We’ve heard of lost pets, but a pony wandering in traffic in Norwalk? Strange, for sure. Maybe it’s a sign of the times. Maybe the owner just couldn’t afford all those oats and hay anymore. We know Shetland ponies can be somewhat snippy, but according to news reports this one is “genial.” Workers are calling him “Big Dog”. He went off to the Animal Control Center. With finances still in the dumps, people have to make heartbreaking decisions sometimes.
The hearts (assuming they have them) of Congress nary a shudder made when they gave themselves raises and denied a cost of living increase for Social Security. A listener pointed to one more transgression. It’s called the 27th amendment to the Constitution, which prohibits Congress from raising its own pay within a session.
Selma Calnan wrote this: In the past 10 years I have written many times about the blatant disregard for the 27th amendment to the Constitution with no feedback from anyone – except a yawn. You may have better luck reminding people that the 27th amendment prohibits Congress from raising its own pay within the session. Greed is not new. The colonies ignored it when it was submitted as part of the Bill of Rights in 1787 and 20th century congressmen continue to trash it using a sneaky procedural trick known since ancient Greece. “Silence gives consent.” Thanks, Selma. Hey, major media, how about you throw off the silence and start screaming about this one. They can’t even wait to get more money while most of their constituents live with the knuckle biting reality of less.
From holes in our pockets to holes in some peoples’ heads. We did receive a website comment questioning the Board of Supervisors refusal to allow me to ask a question during a public meeting. The reader thought that sounded wrong. We do too. So, we called County Counsel Randy Keller. Do reporters have fewer rights of speech than other citizens? Keller said, “I haven’t really looked at it.”
This seems like a no-brainer.
Another thing about communication at public meetings, (and by the way the Brown Act requires allowing the public to speak and ask questions) is the practice of requiring the public to fill out cards and hand them in at the start of the meeting if they want to speak. This inhibits a free-flow of dialogue. What if a citizen attends a meeting, doesn’t think they will speak, doesn’t fill out a card but then hears something that prompts the need to speak? The card thing is just another impediment to good public communication. Citizens are such a bother, aren’t they?!?! (insert sarcasm here).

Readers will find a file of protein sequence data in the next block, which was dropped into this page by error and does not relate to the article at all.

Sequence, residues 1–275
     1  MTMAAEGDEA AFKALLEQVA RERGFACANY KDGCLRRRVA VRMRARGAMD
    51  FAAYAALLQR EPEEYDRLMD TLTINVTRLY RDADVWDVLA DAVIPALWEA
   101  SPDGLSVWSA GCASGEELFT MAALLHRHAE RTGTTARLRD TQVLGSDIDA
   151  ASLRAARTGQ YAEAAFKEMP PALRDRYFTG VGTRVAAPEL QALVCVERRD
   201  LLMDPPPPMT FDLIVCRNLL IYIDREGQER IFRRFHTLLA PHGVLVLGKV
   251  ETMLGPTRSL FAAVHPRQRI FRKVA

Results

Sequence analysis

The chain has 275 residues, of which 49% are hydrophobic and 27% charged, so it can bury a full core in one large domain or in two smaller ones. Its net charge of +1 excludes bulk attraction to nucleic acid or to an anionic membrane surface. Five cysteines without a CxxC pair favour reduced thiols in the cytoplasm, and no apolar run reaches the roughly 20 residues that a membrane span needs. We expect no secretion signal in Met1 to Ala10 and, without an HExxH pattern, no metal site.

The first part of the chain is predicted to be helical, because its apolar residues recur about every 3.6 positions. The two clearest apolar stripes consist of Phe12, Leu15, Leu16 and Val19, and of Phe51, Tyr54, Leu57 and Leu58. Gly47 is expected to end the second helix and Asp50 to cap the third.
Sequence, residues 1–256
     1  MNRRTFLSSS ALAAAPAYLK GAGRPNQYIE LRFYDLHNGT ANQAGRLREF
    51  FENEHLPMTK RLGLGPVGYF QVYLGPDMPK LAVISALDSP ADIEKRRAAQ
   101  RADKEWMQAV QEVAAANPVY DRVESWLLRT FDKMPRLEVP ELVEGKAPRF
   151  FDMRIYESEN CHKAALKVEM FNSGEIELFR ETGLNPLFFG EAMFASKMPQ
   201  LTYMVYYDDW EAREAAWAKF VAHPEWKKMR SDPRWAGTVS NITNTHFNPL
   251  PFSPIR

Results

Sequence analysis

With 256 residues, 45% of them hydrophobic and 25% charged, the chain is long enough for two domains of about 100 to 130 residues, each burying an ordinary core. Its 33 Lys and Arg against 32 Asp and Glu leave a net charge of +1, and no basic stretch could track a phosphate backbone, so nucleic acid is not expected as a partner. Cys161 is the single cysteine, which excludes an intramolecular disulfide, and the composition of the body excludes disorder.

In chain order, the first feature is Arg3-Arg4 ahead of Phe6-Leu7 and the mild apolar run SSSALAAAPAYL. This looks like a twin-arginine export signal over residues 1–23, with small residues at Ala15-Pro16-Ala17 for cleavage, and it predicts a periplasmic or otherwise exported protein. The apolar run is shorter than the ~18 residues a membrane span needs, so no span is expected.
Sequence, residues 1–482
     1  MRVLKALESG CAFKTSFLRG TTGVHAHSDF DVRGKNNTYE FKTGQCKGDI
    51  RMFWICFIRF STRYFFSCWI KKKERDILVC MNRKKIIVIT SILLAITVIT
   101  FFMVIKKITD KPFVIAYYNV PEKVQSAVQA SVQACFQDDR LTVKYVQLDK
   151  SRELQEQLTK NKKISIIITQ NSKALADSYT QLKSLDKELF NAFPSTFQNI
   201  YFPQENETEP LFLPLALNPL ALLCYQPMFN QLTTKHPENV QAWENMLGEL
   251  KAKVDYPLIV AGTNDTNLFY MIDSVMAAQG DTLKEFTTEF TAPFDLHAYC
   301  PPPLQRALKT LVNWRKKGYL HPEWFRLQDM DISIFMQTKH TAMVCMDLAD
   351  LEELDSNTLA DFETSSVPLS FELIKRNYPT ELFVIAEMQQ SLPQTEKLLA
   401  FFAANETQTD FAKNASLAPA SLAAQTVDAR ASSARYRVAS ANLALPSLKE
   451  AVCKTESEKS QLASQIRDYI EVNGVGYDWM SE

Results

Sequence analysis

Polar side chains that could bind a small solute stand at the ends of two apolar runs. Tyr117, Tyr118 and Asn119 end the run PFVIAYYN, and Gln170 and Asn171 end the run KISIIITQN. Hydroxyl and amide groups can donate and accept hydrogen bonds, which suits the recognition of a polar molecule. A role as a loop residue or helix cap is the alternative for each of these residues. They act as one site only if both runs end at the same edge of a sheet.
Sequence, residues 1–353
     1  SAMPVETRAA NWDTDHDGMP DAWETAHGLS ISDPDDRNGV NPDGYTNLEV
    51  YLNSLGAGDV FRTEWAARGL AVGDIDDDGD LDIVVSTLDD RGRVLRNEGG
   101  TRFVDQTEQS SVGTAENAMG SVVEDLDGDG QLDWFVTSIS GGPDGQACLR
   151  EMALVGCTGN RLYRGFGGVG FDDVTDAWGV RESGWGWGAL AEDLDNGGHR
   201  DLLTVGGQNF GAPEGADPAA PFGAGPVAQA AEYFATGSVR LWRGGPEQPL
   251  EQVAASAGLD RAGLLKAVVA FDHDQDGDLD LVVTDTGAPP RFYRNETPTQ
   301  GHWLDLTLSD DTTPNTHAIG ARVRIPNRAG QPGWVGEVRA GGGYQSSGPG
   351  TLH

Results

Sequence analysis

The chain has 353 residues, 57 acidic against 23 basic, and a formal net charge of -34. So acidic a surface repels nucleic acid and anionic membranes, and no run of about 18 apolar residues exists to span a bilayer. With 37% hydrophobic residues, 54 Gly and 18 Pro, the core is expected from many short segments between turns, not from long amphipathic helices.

Finally. Los Angeles citizens saved 18.4% of their water over the summer as a result of new strict outdoor irrigation rules. Those who have wanted to save the environment in the Eastern Sierra begged them decades ago to conserve water. After all, LA is a semi-desert territory. Even LA’s Mayor admits that in a recent news report. Mayor Antonio Villaraigosa is quoted as saying, “Living in a desert-like environment with a limited water supply, it is imperative that we limit our water consumption and get smarter about our water use.” We couldn’t agree more. Keep those strict rules in place, please.
In Breckenridge, voters kicked out strict rules on marijuana possession. An initiative passed that decriminalized the possession of small amounts of marijuana. Citizens of the town are somewhat divided over this, but news reports said that other Colorado resort towns now have an eye on similar measures. The lead of a New York Times story on the Breckenridge vote says it all: “High-altitude partying is a deeply carved tradition in ski country, where alcohol in the open and illicit drugs in the shadows have been intertwined for years.” Now, it’s out of the shadows.
And, in the crisp light of morning, outside the Bureaucrat Beat newsroom, bells ring out the songs of the holiday season. Beautiful. Thanks to Lindsay McTevia, the Audio Wizard of Independence and the Owens Valley and his gift of the courthouse bells.
With that, this is Benett Kessler signing off for Bureaucrat Beat where we await your word on our lives in the Eastern Sierra and beyond.